A Robinhood user filed a class-action lawsuit Thursday following the app's decision to restrict GameStop trading on its platform, a move that ignited a revolt from the small investors who led a frenzied surge in the company's stock price.
The lawsuit, filed in federal court in Manhattan, claims Robinhood removed the video game retailer "purposefully and knowingly to manipulate the market."
The suit accuses Robinhood, a popular trading and individual brokerage app used by retail investors, of breaching its contract by failing to disclose it "was going to randomly pull a profitable stock from its platform." It also accuses the company of negligence and of breaching its fiduciary duties and its "implied covenant of good faith and fair dealing."
It asks the U.S. District Court for the Southern District of New York to order the immediate reinstatement of GameStop on Robinhood's platform and requests a yet-to-be-determined award.
The plaintiff, Brendon Nelson, is described in the complaint as a Robinhood customer who lost out on the opportunity to buy GameStop as its stock climbed higher.
His lawyer, Alexander Cabeceiras, in a statement to CNBC said that "hundreds of individuals" are "reaching out to be added to this suit."
"Robinhood's mission is to 'democratize finance for all.' They have failed," Cabeceiras' statement said. "They have purposefully failed this mission and failed their clients in an attempt to — what appears to be — appease their investors and/or potential investors."
Robinhood did not immediately respond to a request for comment.
The app's recent interference in the surge of "short-squeeze" trading plays by small retail investors, many of whom coordinated through social media forums such as Reddit's WallStreetBets page, has prompted legal action from multiple users and attracted the attention of other law firms.
Another Robinhood user, attorney Richard Gatz, on Thursday filed a separate lawsuit against Robinhood in northern Illinois, claiming its decision to halt trades of BlackBerry, Nokia and AMC Theaters was made "to protect institutional investment at the detriment of retail customers."
Gatz did not immediately respond to CNBC's request for comment.
ChapmanAlbin LLC, a securities arbitration and class-action firm, said Thursday it is investigating users' claims of suffering losses as a result of Robinhood's actions.
On Reddit, where users had discussed pumping stock prices of short-heavy companies, a new forum called r/ClassActionRobinHood gained more than 20,000 members on the same day it was created.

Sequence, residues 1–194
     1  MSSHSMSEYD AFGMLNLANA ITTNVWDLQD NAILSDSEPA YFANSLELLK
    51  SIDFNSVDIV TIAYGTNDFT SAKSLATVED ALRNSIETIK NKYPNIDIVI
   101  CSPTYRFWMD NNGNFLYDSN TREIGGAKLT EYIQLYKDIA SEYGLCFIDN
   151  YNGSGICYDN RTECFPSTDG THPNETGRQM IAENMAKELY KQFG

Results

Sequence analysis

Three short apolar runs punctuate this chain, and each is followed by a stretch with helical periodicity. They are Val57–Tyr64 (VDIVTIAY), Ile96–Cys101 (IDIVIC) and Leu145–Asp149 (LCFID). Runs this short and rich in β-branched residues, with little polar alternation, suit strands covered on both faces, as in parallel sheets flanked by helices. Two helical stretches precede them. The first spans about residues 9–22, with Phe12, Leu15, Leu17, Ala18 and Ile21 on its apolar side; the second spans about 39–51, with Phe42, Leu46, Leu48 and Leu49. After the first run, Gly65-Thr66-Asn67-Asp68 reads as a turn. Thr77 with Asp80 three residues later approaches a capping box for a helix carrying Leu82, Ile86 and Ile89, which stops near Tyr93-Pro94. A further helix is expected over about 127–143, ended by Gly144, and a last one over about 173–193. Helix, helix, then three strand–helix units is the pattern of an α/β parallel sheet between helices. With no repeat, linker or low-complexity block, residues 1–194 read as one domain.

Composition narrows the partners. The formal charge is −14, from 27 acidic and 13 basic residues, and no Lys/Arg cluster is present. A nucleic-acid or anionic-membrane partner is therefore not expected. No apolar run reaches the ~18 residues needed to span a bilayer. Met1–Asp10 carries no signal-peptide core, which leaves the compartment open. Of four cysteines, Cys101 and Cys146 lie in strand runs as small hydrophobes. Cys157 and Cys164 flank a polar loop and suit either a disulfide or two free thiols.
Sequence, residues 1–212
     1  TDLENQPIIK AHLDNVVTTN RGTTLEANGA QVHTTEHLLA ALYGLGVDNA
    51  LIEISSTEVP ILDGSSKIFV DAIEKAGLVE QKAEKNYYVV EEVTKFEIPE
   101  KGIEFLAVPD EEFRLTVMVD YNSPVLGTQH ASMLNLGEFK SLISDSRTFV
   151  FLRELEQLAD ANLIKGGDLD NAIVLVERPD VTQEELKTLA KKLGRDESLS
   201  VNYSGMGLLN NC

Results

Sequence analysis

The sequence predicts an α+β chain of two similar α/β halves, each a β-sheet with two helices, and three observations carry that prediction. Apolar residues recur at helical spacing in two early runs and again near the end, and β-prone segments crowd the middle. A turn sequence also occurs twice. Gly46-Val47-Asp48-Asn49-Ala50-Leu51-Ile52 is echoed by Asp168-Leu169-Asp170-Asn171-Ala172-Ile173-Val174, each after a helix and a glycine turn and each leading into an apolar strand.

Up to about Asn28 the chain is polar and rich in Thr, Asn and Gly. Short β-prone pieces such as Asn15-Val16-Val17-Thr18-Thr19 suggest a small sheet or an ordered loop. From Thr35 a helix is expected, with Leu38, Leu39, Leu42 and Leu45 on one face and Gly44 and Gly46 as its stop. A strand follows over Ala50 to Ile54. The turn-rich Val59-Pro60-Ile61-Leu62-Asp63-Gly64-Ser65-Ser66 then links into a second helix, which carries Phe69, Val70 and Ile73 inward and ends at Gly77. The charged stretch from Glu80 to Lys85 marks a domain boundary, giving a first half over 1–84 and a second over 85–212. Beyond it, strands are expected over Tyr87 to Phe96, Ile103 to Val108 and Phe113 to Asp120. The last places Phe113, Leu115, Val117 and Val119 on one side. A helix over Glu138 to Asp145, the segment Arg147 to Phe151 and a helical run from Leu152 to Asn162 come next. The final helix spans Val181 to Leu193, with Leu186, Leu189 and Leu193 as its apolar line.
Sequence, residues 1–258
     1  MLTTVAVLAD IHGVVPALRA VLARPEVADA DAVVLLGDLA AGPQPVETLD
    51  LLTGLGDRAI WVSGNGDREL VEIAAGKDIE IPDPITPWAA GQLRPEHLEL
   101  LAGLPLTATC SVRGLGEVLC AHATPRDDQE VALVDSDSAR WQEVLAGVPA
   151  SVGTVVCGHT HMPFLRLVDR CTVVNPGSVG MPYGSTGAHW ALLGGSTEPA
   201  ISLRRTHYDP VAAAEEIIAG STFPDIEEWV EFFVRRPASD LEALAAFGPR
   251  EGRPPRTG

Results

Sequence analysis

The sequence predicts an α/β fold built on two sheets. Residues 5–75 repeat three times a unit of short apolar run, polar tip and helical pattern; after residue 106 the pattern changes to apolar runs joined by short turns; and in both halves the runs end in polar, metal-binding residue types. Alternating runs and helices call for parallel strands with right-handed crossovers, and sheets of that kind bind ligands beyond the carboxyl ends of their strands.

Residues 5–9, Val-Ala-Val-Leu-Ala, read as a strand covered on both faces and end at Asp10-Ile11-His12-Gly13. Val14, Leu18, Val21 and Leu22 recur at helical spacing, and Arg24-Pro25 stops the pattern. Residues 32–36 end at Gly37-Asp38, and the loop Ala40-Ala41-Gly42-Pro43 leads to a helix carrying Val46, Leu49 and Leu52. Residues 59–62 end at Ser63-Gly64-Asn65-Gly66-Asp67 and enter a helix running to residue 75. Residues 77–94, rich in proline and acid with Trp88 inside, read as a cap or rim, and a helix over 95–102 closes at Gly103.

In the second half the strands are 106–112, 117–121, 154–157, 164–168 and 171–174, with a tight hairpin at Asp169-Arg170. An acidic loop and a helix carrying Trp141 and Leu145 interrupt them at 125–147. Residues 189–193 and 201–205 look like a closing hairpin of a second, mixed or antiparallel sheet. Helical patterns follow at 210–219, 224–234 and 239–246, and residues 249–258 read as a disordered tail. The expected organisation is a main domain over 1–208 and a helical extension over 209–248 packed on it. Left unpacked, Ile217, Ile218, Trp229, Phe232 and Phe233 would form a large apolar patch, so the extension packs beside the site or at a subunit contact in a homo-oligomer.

The suits come amid a handful of eye-popping short squeezes. A short squeeze can occur when a rise in a security's price forces those betting against the stock, known as short sellers, to cover their positions to prevent further losses.
When this occurs en masse, it can lead to a feedback cycle and a spike in a stock's price.
Such has been the case for GameStop, which despite a 20% pullback on Thursday has seen its stock soar more than 1,000% over the last month. Short sellers have been forced to cover their bets against the stock as a group of retail investors bought the equity directly or via options known as calls.
As of Tuesday, equity shorts were down $91 billion in January alone, according to S3 Partners.
The market frenzy, as well as the restrictions applied by Robinhood and other trading platforms, brought about a rare glimpse of bipartisan condemnation from Congress.
"This is unacceptable," Rep. Alexandria Ocasio-Cortez, D-N.Y., said in a tweet. "We now need to know more about @RobinhoodApp's decision to block retail investors from purchasing stock while hedge funds are freely able to trade the stock as they see fit."
"As a member of the Financial Services [Committee], I'd support a hearing if necessary," she added.
Sen. Ted Cruz, R-Texas, a frequent critic of Ocasio-Cortez, said in response to her tweet: "Fully agree."
White House press secretary Jen Psaki on Wednesday said Treasury Secretary Janet Yellen and others in the Biden administration were watching the volatility.
"Our economic team, including Secretary Yellen and others, are monitoring the situation," Psaki said. "It's a good reminder, though, that the stock market isn't the only measure of the health of our economy."
— CNBC's Dan Mangan contributed to this report.